WHETHER you live alone or with dependents, financial experts advise everyone to boost their savings to have money on hand in case of an emergency.
These emergency funds can help you stay afloat in the event of job loss, injury, or unexpected expenses.
Saving is easier said than done – only 53% of Americans can handle an unexpected $500 expense without stress, according to a survey by pension provider, Empower.
Why do you need an emergency fund
Saving money with worst-case scenarios might not be an exciting idea, but it’s essential for good financial health.
Sources of income can dry up quickly and unexpectedly, even due to circumstances completely beyond your control.
Without emergency savings, a large expense or sudden loss of income can become an uphill battle to pay bills and cover costs that are usually factored into your budget.
Falling behind on these bills can result in additional fees and charges, further complicating the situation if you run out of savings.
You can withdraw money from investment or retirement funds if you have assets there, but you will face tax issues and withdrawal penalties.
How much should you save
If you ask 10 financial advisors how much you should have in your emergency savings, you might hear 10 different answers.
Some recommend having enough savings to cover one year’s expenses, while others suggest having enough savings for three months or a fixed total instead of a relative amount.
While there’s no one size emergency fund, $1,000 is a great benchmark if you’re just starting to save.
Not only is this a more achievable goal for the average American than planning against months of cost, but it provides a significant buffer to manage an unexpected one-time cost without compromising your ability to make ends meet.
How to build your emergency fund
Whether you’re starting your fund from scratch or you’re an experienced saver, you should start any assessment of your savings by doing a thorough analysis of your budget with savings in mind.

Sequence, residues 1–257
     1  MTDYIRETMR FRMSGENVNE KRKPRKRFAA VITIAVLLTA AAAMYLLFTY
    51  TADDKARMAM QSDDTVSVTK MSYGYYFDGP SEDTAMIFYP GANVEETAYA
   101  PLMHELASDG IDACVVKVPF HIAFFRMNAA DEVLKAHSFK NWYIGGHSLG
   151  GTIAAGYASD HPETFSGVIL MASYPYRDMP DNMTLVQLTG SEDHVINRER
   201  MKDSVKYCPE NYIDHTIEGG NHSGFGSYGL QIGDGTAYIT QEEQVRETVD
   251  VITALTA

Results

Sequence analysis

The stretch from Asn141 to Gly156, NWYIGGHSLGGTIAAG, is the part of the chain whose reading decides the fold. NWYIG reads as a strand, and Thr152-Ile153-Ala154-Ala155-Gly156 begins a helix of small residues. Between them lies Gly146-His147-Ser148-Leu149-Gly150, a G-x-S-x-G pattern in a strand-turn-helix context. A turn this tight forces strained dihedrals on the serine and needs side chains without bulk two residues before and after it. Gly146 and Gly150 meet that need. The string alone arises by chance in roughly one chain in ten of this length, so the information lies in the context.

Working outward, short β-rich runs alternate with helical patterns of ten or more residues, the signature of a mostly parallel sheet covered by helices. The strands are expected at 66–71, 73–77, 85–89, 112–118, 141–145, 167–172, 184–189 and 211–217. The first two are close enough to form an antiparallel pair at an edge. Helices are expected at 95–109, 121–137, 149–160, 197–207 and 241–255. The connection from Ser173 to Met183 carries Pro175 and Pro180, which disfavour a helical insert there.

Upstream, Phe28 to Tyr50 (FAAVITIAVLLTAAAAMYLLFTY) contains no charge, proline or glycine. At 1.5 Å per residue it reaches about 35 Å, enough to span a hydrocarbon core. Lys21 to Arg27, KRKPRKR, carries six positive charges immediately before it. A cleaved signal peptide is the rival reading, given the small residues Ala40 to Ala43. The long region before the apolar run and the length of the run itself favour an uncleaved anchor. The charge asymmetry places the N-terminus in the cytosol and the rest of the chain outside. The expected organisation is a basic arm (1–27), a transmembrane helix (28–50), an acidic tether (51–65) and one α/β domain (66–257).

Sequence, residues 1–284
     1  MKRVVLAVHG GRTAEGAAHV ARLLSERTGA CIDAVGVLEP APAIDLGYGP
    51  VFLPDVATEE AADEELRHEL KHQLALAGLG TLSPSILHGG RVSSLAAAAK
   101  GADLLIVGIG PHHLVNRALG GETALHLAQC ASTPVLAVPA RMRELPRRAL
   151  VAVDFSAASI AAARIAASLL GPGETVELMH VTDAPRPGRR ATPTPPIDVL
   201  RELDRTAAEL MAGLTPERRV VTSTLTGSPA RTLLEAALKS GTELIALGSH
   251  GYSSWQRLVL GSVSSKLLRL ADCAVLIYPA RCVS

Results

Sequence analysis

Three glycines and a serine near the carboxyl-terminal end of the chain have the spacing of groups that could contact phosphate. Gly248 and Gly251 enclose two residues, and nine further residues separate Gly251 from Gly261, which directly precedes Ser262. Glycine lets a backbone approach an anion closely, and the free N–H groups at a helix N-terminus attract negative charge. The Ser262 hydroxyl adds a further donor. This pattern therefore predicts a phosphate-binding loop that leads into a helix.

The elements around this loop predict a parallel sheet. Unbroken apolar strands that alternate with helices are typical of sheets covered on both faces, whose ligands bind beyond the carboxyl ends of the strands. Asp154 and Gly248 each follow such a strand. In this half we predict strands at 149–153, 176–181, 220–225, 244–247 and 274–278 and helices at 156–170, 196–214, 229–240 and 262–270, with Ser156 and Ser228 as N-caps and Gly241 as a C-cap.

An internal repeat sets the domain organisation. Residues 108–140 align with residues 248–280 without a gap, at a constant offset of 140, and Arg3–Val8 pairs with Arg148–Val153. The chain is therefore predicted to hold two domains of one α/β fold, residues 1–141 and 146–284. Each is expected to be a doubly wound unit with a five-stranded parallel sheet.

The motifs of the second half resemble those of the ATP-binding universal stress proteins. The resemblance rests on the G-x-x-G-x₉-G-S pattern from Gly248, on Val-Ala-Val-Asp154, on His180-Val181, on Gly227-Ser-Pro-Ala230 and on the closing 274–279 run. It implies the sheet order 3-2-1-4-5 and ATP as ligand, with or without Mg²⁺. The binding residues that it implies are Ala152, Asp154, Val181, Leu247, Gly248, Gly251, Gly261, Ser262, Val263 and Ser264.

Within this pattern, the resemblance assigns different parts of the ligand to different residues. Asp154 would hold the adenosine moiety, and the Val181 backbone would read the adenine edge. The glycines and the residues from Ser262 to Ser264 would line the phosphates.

The amount you’ll need to save is tied to what you or your family spend in a given month, and breaking down your budget purchase by purchase can help you identify areas to save right away.
Once you have an idea of your spending and savings goals, it’s a good idea to create an account for your emergency savings.
Some experts recommend having a separate account from your general savings for your emergency fund, but you should still use a high-yield savings account.
Compared to typical savings accounts, which offer an average of 0.06% interest, high yield accounts can earn upwards of 0.4%.
Combined with low minimum deposits and no withdrawal penalties, the relatively high interest rates of high-yield accounts make them the best option for your emergency fund.
Money market accounts may offer higher interest rates with similar ease of withdrawal, but many have high initial deposit requirements.
It’s a great idea to start your fund with a lump sum if you can afford to set aside a few hundred dollars, but setting aside small amounts of money each month for a savings account is a solid strategy. and durable nonetheless.
For additional tips on how to build your emergency savings, finance whiz Suze Orman and Dave Ramsey shared some of their favorite tips.
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